The terroir of missing out (on a key ingredient)

See Kewpie? Eventually.

See Kewpie? Eventually.

MY PATIENCE began to be tested on the third go-round.

Walking the same aisles, seeing the same products, labelled with the same descriptions that I still couldn’t understand, I began to ask myself: is this really worth it?

How far was I prepared to go to get the right kitchen condiment?

The time was last Friday afternoon, the place Asia Market on Dublin’s Drury Street, and the task? Finding Kewpie mayonnaise.

I was sure I could do it unassisted but I was also certain that I needed to get home before midnight. Eventually I cracked and asked an assistant.

Why Kewpie? Why not Hellmann’s or another brand of mayo?

The Japanese product tastes the part but how much time was I prepared to devote to finding it in Dublin (where it’s stocked in a just a couple of specialty stores)?

My trip last Friday had taken me a couple of kilometres across the city from one Asian grocery store to another, and had cost me the best part of the hour.

Three stores and one day later: crab.

Three stores and one day later: crab.

For context: when it comes to regular shopping I usually lose the will to live after about ten minutes. Why is my attitude different when it comes to certain foods?

I recall wading through a storm-struck Dublin last year to seek out just 100g of bresaola.

Likewise my last trip for live crab saw me spend the best part of a day calling to fish shops in Marino, Howth and Abbey Street.

I will drive for 15 minutes, and run up another ten parking and walking, to get the right kind of bread.

Despite my usual shopping impatience none of these tasks bothers me in the slightest.

I was thinking this over earlier last weekend when I received an email from my sister-in-law.

Anne had just bought David Lebovitz’s new book and sent my wife and I a pic of a paragraph therein on cheese.

Lebovitz explains the importance of the foodstuff to the French, citing the concept of terroir – “the concept that a product takes on certain attributes of the climate, soil, weather and terrain where it is produced”.

Lebowitz: he's a terroir for the cheese.... Pic: Anne Alderete

Lebowitz: he’s a terroir for the cheese….
Pic: Anne Alderete

Some argue this is solely a metaphysical concept, others (the French in particular) believe it’s in there, in the food on the plate.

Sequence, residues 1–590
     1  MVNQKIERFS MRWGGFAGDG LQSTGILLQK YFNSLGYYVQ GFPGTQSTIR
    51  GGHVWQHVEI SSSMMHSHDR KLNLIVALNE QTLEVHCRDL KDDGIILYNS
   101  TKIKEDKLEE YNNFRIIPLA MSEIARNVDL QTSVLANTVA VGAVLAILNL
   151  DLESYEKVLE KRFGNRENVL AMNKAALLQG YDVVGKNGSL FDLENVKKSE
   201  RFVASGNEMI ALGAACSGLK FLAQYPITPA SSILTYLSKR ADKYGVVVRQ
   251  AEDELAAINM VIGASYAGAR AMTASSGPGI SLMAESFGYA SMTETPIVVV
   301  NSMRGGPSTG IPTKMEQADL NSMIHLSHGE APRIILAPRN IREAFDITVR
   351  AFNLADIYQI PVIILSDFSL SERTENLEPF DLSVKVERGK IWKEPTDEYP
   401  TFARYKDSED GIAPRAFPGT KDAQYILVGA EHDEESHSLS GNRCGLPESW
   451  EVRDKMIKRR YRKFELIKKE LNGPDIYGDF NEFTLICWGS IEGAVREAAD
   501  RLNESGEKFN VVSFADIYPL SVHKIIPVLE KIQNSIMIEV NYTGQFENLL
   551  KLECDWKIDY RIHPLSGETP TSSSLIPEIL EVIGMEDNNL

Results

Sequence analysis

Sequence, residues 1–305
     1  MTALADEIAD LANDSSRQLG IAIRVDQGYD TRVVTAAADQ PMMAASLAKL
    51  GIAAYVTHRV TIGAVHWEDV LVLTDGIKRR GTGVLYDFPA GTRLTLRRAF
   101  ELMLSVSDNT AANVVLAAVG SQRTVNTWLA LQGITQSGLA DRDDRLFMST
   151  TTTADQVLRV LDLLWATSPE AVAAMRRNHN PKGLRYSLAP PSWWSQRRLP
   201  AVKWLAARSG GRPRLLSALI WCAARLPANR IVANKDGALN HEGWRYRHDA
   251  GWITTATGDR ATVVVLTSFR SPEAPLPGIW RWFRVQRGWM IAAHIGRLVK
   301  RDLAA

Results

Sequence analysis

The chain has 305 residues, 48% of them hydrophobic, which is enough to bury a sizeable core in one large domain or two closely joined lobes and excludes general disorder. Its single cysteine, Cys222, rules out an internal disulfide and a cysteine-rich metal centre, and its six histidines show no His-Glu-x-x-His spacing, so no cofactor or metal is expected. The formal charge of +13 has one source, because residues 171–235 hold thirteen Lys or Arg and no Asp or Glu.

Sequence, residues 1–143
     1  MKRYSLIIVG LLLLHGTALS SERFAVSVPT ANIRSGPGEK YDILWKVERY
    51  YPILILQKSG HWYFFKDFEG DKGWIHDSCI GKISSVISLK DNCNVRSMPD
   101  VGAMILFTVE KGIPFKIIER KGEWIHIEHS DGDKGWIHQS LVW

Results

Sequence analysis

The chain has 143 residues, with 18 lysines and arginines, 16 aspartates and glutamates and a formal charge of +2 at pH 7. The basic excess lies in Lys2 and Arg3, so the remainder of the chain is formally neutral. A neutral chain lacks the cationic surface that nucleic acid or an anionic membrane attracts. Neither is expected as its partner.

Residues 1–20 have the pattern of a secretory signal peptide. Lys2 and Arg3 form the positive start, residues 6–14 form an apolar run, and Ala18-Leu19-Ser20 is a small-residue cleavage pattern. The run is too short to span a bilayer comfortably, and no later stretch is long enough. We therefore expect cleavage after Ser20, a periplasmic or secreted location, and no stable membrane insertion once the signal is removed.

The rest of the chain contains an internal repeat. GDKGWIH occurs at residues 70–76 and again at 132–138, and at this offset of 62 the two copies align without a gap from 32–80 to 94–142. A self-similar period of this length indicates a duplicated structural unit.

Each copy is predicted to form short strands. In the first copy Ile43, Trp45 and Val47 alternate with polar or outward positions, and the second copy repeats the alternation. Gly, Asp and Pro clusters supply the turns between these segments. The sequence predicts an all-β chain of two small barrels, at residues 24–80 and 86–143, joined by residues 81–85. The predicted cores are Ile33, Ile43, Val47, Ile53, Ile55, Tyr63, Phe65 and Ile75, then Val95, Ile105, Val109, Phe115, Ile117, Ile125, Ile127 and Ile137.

On foot of my wanderings I’ve come to believe it’s a bit of both.

Was the bresaola more meltingly pungent because I’d battled storm-lashed streets to get it (rather than ordering it in restaurant)?

Was the crab sauce softer and sweeter because of a three store trek (compared to getting it in one gourmet sandwich place)?

Did the Kewpie on last weekend’s pancakes taste more vinegary than the last time I’ve had in an Asian eatery?

Yes, yes and yes. Perhaps this is my version of terroir, a mixture of effort and taste, a physical and metaphysical culinary concept.

The attention to detail needed to scope out hard-to-find ingredients, combined with their sensations on the tongue. It’s a sense of place, but also a way of eating, a method of appreciating.

If you’re looking for it, it’s in Asia Market, halfway down the second aisle, second shelf.


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5 thoughts on “The terroir of missing out (on a key ingredient)

  1. Walt says:

    Terroir! A new word, a great definition. Very amusing post!!

  2. Brad says:

    Regularly drive 80km for special Japanese groceries, including Kewpie which has been a staple in our home for more than 30 years. Large weird plastic container in the fridge right now. Kids can’t live without it. Enjoy the blog, keep up the great writing. Best to C.

    • Large weird plastic containers in the fridge Brad? I know that feeling! I don’t think I can go back to ‘Western’ mayo after having Kewpie. Hope all is well with yourself and the family – we plan to visit later this year, will see you then!

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